[Wikisource-l] Fwd: [BP] DP Releases 10,000th Book

Erik Moeller erik at wikimedia.org
Mon Mar 12 18:00:58 UTC 2007

---------- Forwarded message ----------
From: Juliet Sutherland <vze3rknp at verizon.net>
Date: Mar 10, 2007 2:12 AM
Subject: [BP] DP Releases 10,000th Book
To: Book People <bookpeople at pobox.upenn.edu>

Today Distributed Proofreaders <http://www.pgdp.net> (DP) posted a
package of texts that takes us over 10,000 completed titles. I'm very
proud of our community of volunteers who have accomplished this
beautiful number. The 10K package (listed below) showcases the wide
range of our volunteers' interests and talents.

There are examples of a number of our on-going large projects including
the Slave Narratives (now over half done), the Bureau of American
Ethnography reports, periodicals (this issue of Punch is the 280th that
we've done), and the beginning of a new project, Linnaeus' Species
Plantarum. Children's literature and Science Fiction are two popular
areas and both are represented on this list. Shakespeare in French and
John Evelyn's classic work on the trees of England represent the
classics. The Shanty Book has music to listen to, and the Encyclopedia
of Needlework deserves its name, being so large and full of illustrations.

It's hard to argue which of these titles is the most significant, but I
lean towards The annals of the Cakchiquels. Here is what one of the
people involved with its production told me about it, "The Annals of the
Cakchiquels contains the text and translation of a document written in
the 17th century in Cakchiquel Maya, a Mayan language of highland
Guatemala. The document begins with a history of the Cakchiquel people
and continues with the history of the writer's family through the
arrival of the Spanish in the area and to the date of the writing. It is
one of the few documents written in Mesoamerican indigenous languages
that contain the history of the people before the Spanish Conquest. The
author, Daniel G. Brinton, was an early archaeologist, ethnologist, and

There are thousands of DP volunteers who have made this milestone
possible. They all deserve thanks for their contributions!


The DP 10,000 Collection

20771  Species Plantarum: Monandria, Diandria and Triandria  by Carolus
Linnaeus (Carl von Linni) 1753  Latin

20772 Agriculture for beginners, Rev. ed. by Charles William Burkett,
Frank Lincoln Stevens, and Daniel Harvey Hill. 1914

20773 Marchand de Venise by Shakespeare, trans. by M. Guizot. original
1821, ed. transcribed.1862  French

20774 The Shanty Book, Part I, Sailor Shanties by Richard Runciman Terry
(1864-1938)  1921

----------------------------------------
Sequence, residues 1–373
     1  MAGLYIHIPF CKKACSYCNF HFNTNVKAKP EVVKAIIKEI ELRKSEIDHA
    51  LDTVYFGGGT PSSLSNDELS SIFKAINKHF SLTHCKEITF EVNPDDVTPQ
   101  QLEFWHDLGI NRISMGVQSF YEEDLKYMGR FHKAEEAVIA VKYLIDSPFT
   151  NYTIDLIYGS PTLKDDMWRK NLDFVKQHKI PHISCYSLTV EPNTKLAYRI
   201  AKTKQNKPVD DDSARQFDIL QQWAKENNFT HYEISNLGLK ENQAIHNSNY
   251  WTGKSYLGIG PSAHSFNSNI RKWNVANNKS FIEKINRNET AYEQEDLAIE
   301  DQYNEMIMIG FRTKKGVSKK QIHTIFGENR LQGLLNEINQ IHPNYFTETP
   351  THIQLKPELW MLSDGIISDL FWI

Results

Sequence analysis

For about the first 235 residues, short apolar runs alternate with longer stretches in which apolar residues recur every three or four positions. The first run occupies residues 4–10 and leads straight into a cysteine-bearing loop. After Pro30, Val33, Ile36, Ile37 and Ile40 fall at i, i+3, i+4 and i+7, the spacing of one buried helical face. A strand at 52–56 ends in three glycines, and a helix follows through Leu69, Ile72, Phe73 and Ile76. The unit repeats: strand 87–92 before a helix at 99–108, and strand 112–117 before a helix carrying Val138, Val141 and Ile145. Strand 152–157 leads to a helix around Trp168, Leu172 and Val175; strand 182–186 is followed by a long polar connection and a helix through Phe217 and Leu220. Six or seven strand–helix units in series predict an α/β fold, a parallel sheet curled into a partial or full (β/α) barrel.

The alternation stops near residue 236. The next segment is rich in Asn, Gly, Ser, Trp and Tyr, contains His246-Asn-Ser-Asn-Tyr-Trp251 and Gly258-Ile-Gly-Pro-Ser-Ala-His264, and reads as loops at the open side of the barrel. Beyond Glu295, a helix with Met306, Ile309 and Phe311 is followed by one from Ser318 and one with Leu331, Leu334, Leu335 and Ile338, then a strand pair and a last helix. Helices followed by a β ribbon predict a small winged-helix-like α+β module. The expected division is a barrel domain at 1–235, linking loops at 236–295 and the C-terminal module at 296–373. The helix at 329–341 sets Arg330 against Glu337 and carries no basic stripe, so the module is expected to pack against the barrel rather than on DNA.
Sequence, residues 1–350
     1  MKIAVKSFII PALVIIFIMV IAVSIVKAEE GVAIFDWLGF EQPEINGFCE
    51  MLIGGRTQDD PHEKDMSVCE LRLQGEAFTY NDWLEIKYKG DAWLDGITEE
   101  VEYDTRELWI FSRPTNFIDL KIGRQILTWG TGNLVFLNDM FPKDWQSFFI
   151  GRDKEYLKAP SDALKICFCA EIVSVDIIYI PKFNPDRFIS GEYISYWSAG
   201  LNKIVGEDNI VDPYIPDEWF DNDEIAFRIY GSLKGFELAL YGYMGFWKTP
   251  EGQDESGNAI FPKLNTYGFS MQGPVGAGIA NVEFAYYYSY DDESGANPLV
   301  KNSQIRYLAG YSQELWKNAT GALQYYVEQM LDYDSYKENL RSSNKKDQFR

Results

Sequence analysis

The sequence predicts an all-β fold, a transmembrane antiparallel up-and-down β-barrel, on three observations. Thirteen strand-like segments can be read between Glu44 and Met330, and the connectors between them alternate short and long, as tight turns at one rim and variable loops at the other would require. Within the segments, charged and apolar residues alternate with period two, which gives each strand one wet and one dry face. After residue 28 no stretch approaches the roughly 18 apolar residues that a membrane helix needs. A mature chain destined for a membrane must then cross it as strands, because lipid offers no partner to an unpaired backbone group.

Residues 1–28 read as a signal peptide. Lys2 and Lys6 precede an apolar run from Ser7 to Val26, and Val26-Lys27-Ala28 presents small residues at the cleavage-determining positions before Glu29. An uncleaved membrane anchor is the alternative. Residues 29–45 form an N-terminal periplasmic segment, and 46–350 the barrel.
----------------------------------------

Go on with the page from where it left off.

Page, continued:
20775 The annals of the Cakchiquels: The original text, with a
translation, notes, and introduction by Francisco Ernantez Arana (fl.
1582), trans. by and edit. by Daniel G. Brinton (1837-1899)  1885
English/Cakchiquel Mayan

20776 Encyclopedia of Needlework, by Therese de Dillmont  originally
from 1884

20777 R. Caldecott's First Collection of Pictures and Songs by Randolph
Caldecott.  [1900-1909?]

20778 Sylva, or, A Discourse of Forest-Trees by John Evelyn
(1620-1706)  1664

20779 Heimatlos by Johanna Spyri, 1890 German

20780 Punch, or the London Charivari, Volume 159, October 27, 1920

20781 Heidi by Johanna Spyri, trans. Elisabeth P. Stork, with an intro
by Charles Wharton Stork, A.M. PhD, Illustrations by Maria L. Kirk. Gift
edition. 1919

20782 Triplanetary, by E.E. Smith  1934

20783 Como atravessei @frica (v. II), by Alexandre Alberto da Rocha de
Serpa Pinto (aka Serpa Pinto)  1881 Portuguese

20784 Eighth Annual Report of the Bureau of Ethnology to the Secretary
of the Smithsonian Institution, 1886-1887, ed. John Wesley Powell

20785 Slave Narratives, Oklahoma (A Folk History of Slavery in the
United States From Interviews with Former Slaves)  Works Project
Administration Federal Writer's Project 1936-1938

This message was sent via the Book People mailing list.
Posting address:              bookpeople at pobox.upenn.edu
Admin. & unsubscribe address: bookpeople-request at pobox.upenn.edu
Charter & archive:            http://onlinebooks.library.upenn.edu/bplist/

Peace & Love,

DISCLAIMER: This message does not represent an official position of
the Wikimedia Foundation or its Board of Trustees.

"An old, rigid civilization is reluctantly dying. Something new, open,
free and exciting is waking up." -- Ming the Mechanic

More information about the Wikisource-l mailing list